Why don't our own companies take risks like that? Toyota took a huge risk, and their P&L suffered for a long time from that risk, but it is paying off handsomely now. IMO American companies have focused far too much on immediate profits rather than long range ones, and it shows in this fiasco. Chevy has produced a car that only has nominal changes and is crying to high heaven that they need public help to finance those changes. Toyota made a completely re-designed car and basically financed it themselves in a risky decision that has paid off.
So the initial numbers seem to be dodgy? Actually all we did is support R&D for a clean technology?
Then yes, I enjoyed paying for that.
Just to get this straight.
You enjoy paying
$15-$25 billion in unpaid funds to bailout GM.
$45 billion in tax breaks for the next decade.
$2.4 billion for GM to research new technologies, even though they have the money to do so themselves?
You asked about the volt, and that was my answer. I think the volt was a good investment in terms of finally getting an American electric car into production.
But as you ask, i also think it was better GM didn't collapse and I see no evidence private partners could/would have done that.
I didn't specifically ask about the volt, but that's how much we had to pay to get to this point.
Wouldn't it have been better to just take GM through bankruptcy, instead of wasting billions on the bailout, not give them a tax break for the debts that were forgiven, and let them use their own profits to create the volt?
After all, they can afford to pay taxes and pay for their own research. They just aren't.
Considering that one day of the Iraq war cost $700 million and one day in Afghanistan costs $300 million, seems like a bargain to me.
It's all about priorities, isn't it?
Or, you can be opposed to all wasteful spending...
I think pretty much everyone is opposed to wasteful spending by government. My point is, you are harping on a certain type of spending that you consider wasteful.
How is it a bad thing for me to be against the government wasting $70 billion on GM?
Here, how about this?
The government wasting $70 billion on GM is ridiculous, especially as we are continuing to waste money on them while they are profitable.*
*This assertion in no way detracts from the author's opinion on other areas of wasteful spending, including, but not limited to: unnecessary wars, other financial bailouts, essentially useless research, foreign aid while our own nation suffers, interest on debt we could live without, inefficiency and fraud in nearly every government department, etc...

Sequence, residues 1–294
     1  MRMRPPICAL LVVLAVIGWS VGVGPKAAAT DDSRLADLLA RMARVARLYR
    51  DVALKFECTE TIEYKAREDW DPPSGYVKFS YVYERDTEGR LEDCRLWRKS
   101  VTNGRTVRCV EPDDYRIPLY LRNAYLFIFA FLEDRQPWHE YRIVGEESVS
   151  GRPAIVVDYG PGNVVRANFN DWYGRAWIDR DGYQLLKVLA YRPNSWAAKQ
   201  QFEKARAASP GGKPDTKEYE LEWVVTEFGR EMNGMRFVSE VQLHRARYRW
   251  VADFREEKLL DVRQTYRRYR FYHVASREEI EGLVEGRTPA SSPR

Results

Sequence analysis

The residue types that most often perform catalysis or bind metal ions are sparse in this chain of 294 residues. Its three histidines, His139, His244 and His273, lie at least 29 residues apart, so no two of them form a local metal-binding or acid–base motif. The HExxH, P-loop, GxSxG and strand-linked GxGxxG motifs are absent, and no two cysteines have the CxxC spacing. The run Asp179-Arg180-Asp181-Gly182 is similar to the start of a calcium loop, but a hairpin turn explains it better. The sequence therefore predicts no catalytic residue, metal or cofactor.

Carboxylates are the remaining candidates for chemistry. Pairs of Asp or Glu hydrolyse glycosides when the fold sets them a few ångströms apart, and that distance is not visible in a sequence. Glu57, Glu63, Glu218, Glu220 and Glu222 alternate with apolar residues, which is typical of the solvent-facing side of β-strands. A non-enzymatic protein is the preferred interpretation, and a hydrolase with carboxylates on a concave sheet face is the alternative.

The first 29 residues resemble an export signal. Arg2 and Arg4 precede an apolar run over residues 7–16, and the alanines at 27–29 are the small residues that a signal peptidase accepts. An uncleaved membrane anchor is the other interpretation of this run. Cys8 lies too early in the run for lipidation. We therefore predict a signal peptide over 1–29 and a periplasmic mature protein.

I didn't say it was "bad." I'm merely pointing out that what you consider "wasteful" might be considered a long-term investment to someone else.
Again, it's all about priorities. Regardless of good intentions, any particular program or investment, whether using taxpayer dollars or private money, could result in wasteful spending. I'm not that upset if my government invests in a company with good intentions (saving jobs, helping with research and development). That fits my personal value system so much better than invading and occupying a country for over a decade and contributing to the deaths of over 100,000 people in the process.
See the above. How is giving GM refunds every year, instead of having them pay taxes like everyone else, considered an investment?
You're OK with GM not paying $45 billion in taxes?
Good question. Some would say the more money a corporation gets to keep, the more jobs it creates, right Jaxson?
Yup, as long as there is demand.
Do you approve of GM getting refunds, instead of paying taxes?
No, but I find it curious that you don't, given your perpetual argument that lowering corporate taxes creates jobs.
I think it would be tremendous if we got rid of corporate taxes. No kidding.
But, when we have them, I do not approve of government-owned agencies getting preferential tax treatment. Not in the slightest.
Well, government-owned basically means citizen-owned since it is our tax money that funds the government. In addition, as part of that "ownership" (as I understand it, the government owns less than a 30% share), executive pay restrictions are applied to the top 20 most highly paid employees. To me, it sounds like any preferential treatment applied is designed to be in the interest of the taxpayers, while the not-so-preferential treatment, like pay restrictions, are also designed to be in taxpayers' interest.